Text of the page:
Boon and her husband, Taylor, renovated three of their own homes in Marietta. She has turned that hobby into a new venture called Red Door Property Ventures.
“I love finding houses in our community that are in need of a special touch to bring them to their full potential,” Boon said. “I love finishing a house renovation knowing we’ve improved even a tiny part of our community, and better yet seeing a family be able to make a long-term home out of it without the burden of a single project.”
When the couple welcomed their first daughter, Lily Kate, more than four years ago, they experienced the irony that every new parents encounters — the massive amount of “stuff” necessary for a child.
“Our previously adult spaces became flooded with oversized gear, more bright toys than I could count, and in our case, lots and lots of pink,” said Boon, who moved to the area from Austin, Texas, for her husband’s work. They also have another daughter, 1-year-old Annie.
“It was important for me make adjustments for the comfort of our children, but also to maintain some semblance of the home my husband and I had already created. We were here first, after all,” she said.
Four ways to create order, balance from chaos
Boon offers the following tips to create balance in a home that is blessed with children:
Separate but accommodate by creating dedicated zones in the home so that not every room is taken over with children’s things:
“Children will appreciate having a place of their own dedicated only to their belongings. A playroom is fantastic if space allows, but even a special corner, or a dedicated table or cabinet will do the trick. Accommodate the inevitable roaming toys in other rooms with a small basket for quick cleanup when you’d just like to turn on some post-bedtime DVR without a baby doll staring you down,” Boon said.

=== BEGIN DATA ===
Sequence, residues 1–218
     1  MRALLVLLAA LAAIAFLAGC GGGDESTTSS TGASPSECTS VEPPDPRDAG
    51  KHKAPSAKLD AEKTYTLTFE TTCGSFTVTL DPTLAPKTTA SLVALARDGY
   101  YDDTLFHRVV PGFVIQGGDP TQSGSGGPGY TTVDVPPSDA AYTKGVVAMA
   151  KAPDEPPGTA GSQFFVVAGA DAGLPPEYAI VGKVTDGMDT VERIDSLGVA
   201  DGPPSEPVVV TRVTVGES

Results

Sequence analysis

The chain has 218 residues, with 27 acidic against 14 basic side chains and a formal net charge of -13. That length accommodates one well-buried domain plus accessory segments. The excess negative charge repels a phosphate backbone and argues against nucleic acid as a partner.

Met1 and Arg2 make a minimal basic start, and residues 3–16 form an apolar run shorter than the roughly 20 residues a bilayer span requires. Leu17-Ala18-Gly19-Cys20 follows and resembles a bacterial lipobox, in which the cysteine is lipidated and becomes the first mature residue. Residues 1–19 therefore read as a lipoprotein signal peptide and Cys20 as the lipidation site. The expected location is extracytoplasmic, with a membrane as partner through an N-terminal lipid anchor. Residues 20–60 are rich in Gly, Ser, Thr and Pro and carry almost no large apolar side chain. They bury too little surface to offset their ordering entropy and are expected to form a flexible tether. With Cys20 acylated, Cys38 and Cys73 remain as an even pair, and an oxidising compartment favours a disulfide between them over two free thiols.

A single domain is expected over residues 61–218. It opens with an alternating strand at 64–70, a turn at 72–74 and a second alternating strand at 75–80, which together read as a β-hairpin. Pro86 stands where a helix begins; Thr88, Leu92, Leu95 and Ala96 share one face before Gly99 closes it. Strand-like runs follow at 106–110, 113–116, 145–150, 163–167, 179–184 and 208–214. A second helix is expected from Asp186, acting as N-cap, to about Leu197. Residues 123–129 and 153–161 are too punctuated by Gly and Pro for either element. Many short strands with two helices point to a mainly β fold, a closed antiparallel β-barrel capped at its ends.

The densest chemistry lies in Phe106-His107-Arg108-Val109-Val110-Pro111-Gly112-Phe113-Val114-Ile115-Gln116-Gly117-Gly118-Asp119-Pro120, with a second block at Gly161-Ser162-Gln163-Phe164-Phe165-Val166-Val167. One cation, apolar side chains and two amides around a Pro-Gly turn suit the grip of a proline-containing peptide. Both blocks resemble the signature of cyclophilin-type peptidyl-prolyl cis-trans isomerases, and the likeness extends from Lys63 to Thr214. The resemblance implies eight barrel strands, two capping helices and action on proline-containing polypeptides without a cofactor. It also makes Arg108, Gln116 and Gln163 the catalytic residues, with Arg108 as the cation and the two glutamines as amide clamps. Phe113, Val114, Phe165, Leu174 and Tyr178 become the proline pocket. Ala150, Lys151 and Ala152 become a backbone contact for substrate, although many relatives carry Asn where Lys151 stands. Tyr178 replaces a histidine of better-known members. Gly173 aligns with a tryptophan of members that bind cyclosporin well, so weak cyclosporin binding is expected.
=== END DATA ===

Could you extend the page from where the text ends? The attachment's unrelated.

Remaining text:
Turn the chaos into décor:
“Surrendering to an explosion of ‘kid stuff’ does no good for parent or child. Likewise, attempting to completely hide it all will lead to dysfunction and is near impossible anyway,” she said.
“Find a happy medium by allowing some favorite things to become part of your décor. Children’s books look wonderful displayed cover-forward on ledges. Take a set of alphabet flashcards and hang them in frames. Create a gallery wall of school art. Get your children involved in the process. They will love that their things are given some prominence and you will love to see it done well,” Boon said.
Get creative to maintain your style:
“Every family home needs to function for the children who grow up in it, but parents need not lose their style in the process. Choose a beautiful woven basket over a neon plastic bin for toy storage. Put your child’s latest painting in that antique frame you love instead of on the corkboard. The antique bread bowl I use as a dining table centerpiece now houses crayons ready for our little artist at any time. Function for them, style for you,” she said.
Set your boundaries:
“It’s perfectly OK to declare certain spaces in your home toy-free zones. It can be an entire room (in our house, my office), or the smallest of spaces (for me, the top half of the refrigerator — I just like it cleared),” Boon said.
“Remember, you welcomed your children into your home. Teaching your children to appreciate the spaces that are yours, and returning the favor by giving them spaces of their own, is a great way to instill respectful tendencies inside your home and beyond,” Boon said.